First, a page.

Friday 28 August 2020

Whatdymacallit? #Historical Romance v Historical Fiction


This post will be part of a series of blog posts to reflect on my journey to publishing The Celtic Fervour Series during the course of the last nine years. (Gosh, has it really been that long?) My memory has always been of the type that can dredge up facts when the topic is current, so, since I intend to move on to the Victorian era from my next work in progress, I'll need memory jogs for the Celtic Fervour Series. 

When I wrote The Beltane Choice – Book 1 of my Celtic Fervour Series saga – I had priorities for my characters and the setting of the story, though at the time I wasn’t really aware that my choices might prove difficult at the classification stages. I was an avid reader. At that point of 2011, I had retired from upper primary teaching and as such had always been writing something. However, 2011 was the point when I decided to become serious about novel writing with a view to becoming published.

My intention for The Beltane Choice was to write a tale of a relatively ordinary clan, set in an era of great turmoil when armies of the invading Ancient Roman Empire were decimating any Britannic tribes who were resistant to adopting Roman rule and daily ‘Roman’ lifestyles. The setting was northern Roman Britain, chosen because I’d rarely come across published novels set during the first invasions of the barbarian north of Britannia. (Ancient Romans termed everywhere that was not included in their empire boundaries as barbarian)

 Research gleaned virtually nothing written about Brigantia (present day Cumbria/Yorkshire/Northumberland), and even less about over the high hills into the barbarian territory of the tribes of Caledonia (modern-day Scotland). I discovered Brigantia had had a ‘Client Kingdom’ status during the rule of the Brigante Queen Cartimandua, who made deals with the Ancient Roman Empire (somewhere after the Claudian invasion of A.D. 43 and A.D. 69). But since I’d read at least one novel which included Cartimandua as a main character, I decided not to write about her or any ‘documented’ northern King, like her ex-husband Venutius – though they are mentioned in the story. Not having a historically-known main character means there are some who would not regard my novel as traditional historical fiction.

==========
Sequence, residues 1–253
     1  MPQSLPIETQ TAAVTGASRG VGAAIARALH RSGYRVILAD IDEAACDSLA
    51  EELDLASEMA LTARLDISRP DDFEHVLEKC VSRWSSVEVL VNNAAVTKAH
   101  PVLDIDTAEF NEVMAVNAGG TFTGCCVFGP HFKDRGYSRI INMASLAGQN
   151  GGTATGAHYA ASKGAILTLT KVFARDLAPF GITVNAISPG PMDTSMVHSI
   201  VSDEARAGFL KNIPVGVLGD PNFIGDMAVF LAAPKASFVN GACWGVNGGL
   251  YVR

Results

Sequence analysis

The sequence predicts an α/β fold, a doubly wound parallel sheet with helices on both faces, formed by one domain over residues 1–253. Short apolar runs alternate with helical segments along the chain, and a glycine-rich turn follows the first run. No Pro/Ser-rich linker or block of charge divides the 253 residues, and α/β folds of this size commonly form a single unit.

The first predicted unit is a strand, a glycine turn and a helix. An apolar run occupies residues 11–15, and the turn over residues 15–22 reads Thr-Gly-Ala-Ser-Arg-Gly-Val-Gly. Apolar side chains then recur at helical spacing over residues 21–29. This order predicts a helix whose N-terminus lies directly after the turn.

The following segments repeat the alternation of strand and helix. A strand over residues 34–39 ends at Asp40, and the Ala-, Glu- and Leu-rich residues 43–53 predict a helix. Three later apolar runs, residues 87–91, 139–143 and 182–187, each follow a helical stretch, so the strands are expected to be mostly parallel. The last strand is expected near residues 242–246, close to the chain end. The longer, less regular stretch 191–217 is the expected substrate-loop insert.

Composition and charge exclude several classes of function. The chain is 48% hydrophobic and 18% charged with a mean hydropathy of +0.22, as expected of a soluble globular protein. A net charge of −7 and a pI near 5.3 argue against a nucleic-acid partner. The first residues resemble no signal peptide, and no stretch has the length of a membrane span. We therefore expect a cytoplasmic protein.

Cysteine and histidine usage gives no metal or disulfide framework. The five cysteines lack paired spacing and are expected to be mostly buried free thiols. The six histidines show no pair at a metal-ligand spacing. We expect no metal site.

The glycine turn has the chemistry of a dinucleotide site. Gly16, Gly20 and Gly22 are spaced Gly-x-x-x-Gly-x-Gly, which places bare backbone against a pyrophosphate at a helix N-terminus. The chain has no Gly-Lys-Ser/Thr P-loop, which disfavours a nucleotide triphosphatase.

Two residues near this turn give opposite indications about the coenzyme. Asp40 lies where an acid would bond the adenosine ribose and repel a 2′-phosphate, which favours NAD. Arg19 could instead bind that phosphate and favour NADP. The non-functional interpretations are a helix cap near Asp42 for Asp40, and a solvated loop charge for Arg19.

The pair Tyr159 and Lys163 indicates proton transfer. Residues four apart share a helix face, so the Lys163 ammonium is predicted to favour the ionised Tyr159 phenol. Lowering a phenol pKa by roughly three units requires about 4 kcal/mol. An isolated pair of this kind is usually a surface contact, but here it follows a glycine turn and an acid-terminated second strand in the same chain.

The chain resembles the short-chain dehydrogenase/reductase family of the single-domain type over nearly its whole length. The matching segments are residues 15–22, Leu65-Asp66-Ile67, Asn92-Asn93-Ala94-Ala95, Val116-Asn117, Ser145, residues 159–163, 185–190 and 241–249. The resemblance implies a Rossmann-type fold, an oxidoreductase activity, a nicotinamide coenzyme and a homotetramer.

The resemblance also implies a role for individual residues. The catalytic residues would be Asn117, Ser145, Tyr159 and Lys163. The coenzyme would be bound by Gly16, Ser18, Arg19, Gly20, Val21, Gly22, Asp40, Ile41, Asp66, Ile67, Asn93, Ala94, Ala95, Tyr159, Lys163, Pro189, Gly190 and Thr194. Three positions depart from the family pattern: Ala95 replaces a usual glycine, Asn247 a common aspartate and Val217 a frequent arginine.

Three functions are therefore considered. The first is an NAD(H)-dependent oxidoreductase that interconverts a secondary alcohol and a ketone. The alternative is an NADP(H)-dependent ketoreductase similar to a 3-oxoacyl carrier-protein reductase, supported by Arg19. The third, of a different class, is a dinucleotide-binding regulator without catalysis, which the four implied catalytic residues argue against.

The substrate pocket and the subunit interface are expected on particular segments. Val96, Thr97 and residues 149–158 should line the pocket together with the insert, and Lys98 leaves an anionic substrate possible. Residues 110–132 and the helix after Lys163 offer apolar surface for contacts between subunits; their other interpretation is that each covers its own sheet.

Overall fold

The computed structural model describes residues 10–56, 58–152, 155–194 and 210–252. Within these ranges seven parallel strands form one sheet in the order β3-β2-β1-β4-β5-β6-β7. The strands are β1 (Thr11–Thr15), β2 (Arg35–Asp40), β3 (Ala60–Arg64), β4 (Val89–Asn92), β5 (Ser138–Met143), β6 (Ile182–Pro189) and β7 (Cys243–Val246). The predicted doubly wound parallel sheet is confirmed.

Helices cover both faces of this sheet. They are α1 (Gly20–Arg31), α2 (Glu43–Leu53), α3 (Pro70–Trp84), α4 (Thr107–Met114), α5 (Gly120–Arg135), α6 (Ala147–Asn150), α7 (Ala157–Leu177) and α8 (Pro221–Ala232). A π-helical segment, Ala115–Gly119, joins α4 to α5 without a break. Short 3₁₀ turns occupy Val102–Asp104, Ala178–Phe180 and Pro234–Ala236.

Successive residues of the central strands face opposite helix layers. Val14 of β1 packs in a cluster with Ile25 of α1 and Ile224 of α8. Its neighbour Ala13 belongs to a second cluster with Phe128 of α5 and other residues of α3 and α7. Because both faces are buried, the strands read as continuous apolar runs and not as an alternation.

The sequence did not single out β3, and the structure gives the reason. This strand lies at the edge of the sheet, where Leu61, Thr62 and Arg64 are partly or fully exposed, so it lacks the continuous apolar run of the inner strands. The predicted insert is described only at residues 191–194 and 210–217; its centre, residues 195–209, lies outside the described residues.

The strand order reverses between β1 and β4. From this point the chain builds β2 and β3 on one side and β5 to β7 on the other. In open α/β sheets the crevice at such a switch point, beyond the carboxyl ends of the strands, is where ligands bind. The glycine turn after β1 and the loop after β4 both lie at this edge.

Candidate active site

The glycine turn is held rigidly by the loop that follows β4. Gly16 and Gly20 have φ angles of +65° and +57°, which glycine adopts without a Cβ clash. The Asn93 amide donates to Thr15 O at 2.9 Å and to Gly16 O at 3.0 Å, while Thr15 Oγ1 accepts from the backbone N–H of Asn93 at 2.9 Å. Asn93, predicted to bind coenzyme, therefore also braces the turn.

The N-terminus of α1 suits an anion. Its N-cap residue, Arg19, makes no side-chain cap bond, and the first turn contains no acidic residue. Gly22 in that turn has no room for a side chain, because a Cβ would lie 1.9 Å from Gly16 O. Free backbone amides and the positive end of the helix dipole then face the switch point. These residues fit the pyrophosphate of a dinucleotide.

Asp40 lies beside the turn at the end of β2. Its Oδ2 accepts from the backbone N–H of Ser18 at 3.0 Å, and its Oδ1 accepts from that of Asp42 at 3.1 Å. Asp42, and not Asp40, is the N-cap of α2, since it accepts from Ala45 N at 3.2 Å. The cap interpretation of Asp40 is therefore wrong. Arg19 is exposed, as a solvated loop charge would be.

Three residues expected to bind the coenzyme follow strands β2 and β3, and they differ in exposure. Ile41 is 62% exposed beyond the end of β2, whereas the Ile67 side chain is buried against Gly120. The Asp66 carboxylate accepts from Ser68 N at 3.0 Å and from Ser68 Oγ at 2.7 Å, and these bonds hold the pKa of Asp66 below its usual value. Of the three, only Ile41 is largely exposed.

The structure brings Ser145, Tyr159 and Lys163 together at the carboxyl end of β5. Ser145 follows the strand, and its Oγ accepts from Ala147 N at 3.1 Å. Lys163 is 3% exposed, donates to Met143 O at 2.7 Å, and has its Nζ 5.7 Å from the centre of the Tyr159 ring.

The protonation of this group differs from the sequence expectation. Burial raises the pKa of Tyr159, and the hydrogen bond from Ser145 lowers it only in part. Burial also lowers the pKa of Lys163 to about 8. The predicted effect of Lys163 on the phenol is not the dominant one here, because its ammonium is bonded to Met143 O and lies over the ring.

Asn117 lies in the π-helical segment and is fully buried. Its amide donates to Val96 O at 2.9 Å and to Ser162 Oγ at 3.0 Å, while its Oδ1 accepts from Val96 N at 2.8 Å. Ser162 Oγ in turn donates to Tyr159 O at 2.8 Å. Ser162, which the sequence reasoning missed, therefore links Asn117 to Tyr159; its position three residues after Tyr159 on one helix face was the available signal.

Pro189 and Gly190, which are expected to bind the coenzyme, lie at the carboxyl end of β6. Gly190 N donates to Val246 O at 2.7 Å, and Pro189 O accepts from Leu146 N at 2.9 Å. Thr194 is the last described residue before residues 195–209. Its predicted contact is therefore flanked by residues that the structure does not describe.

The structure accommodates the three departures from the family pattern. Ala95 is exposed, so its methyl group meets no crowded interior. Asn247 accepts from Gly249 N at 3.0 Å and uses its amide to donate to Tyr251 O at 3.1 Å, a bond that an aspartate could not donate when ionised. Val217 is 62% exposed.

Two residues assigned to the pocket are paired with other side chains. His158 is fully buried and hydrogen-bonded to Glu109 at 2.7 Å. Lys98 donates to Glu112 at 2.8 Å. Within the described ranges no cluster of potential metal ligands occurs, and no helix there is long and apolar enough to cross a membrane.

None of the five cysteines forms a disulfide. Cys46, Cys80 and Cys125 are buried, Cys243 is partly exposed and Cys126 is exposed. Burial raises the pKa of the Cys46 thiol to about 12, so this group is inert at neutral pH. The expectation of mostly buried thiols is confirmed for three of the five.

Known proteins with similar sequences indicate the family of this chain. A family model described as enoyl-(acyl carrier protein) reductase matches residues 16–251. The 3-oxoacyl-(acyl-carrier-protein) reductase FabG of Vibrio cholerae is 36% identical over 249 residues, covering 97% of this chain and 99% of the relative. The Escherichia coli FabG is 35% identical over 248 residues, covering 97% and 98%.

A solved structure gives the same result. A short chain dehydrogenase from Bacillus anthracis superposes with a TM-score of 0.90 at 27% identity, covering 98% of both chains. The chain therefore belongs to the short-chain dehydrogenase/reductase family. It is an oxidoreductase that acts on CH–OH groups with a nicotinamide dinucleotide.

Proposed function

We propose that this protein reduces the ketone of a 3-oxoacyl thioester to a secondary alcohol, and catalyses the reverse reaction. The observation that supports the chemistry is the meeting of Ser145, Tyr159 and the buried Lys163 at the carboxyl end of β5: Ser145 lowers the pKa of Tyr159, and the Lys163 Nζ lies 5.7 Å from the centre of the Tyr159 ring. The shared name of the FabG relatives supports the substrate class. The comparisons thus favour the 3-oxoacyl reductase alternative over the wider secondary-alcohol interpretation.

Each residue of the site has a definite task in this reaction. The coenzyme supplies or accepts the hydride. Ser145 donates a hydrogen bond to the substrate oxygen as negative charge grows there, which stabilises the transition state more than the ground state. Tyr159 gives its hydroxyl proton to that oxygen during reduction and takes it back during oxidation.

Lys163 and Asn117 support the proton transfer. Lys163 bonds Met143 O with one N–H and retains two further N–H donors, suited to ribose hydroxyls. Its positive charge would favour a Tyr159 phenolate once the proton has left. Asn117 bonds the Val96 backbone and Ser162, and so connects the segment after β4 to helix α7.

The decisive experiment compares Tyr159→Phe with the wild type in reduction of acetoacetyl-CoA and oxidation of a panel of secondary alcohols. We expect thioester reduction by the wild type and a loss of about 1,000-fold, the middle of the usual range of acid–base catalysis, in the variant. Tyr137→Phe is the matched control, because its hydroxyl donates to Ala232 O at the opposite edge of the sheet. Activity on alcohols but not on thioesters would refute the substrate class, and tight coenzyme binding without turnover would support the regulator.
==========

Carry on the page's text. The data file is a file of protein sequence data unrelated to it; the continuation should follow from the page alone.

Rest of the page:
The Beltane Choice would be about tribes who would normally be at war with each other. They would need to unite to fight the Ancient Roman invading scourge together as a stronger force, though what might unite them?

In A.D. 69, the Brigante federation of tribes was enduring a civil war where forces loyal to Queen Cartimandua were fighting against forces of her ex-husband King Venutius. The Roman Empire itself was also in the turmoil of civil war, but when General Titus Flavius Vespasian became emperor (A.D. 69) he took firm control. By A.D. 71, Vespasian’s Britannic empire expansion was well underway and Brigantia was invaded with gusto!

A.D. 71 became my start point for The Beltane Choice but who would be my Celtic clan? I got out a current Ordinance Survey map and looked at the area that would have been northern Brigantia in A.D. 71, the territory which most likely would have bordered the tribes of southern Caledonia. (The only mention of tribal names for these locations wasn’t actually documented till around A.D. 130-150, when the mapmaker Claudius Ptolemaeus wrote down his map references) Ptolemy’s information records the tribes to the north of Brigantia (i.e. those in Caledonia) as being the Novantae, Selgovae and Votadini from west to east, north of what’s currently named the Cheviot Hills. I decided my main female character would be of the Selgovae tribe and the main male character a Brigante.

I searched current north Yorkshire and Cumbria for suitable remains of a Celtic hillfort and settled on the name Garrigill for my Brigante clan. Similarly my O.S. map indicated a Celtic hillfort in the vicinity of Tarras, so that was to be my Selgovae hillfort.

My inclination was to write a historical fiction novel, but when I did some internet research I could see that if  The Beltane Choice have strong elements of romance, it might be more publishable. It turned out that when I sent that 2011 written-manuscript to a US ebook publisher it wasn't 'romancy' enough. 

The first published version of The Beltane Choice was by Crooked Cat Books and it is heavier on the romance/sex than the current Ocelot Press published version. 

However, even with the addition of those more explicit (though not erotica) romantic elements the 2012 published version was still too heavy in historical detail, with too many important secondary characters ,to be termed a historical romance. The first publisher of The Beltane Choice marketed it as a historical romantic adventure. The reader needs to decide for themself what the classification should be…

Meanwhile my current problem with The Beltane Choice, and indeed all of the novels in The Celtic Fervour Series, is what categories should it be listed under on Amazon. Some dedicated romance readers absolutely adore the novel and the characters in Book 1, but seem to find the reduced romance levels in Books 2 onwards less satisfying. I've had reviewers of the series tel me in reviews that they like Books 2 onwards because they are less romantic. 

Readers are so interesting for the very reason that they can have such variable likes and dislikes!

SlĂ inte!

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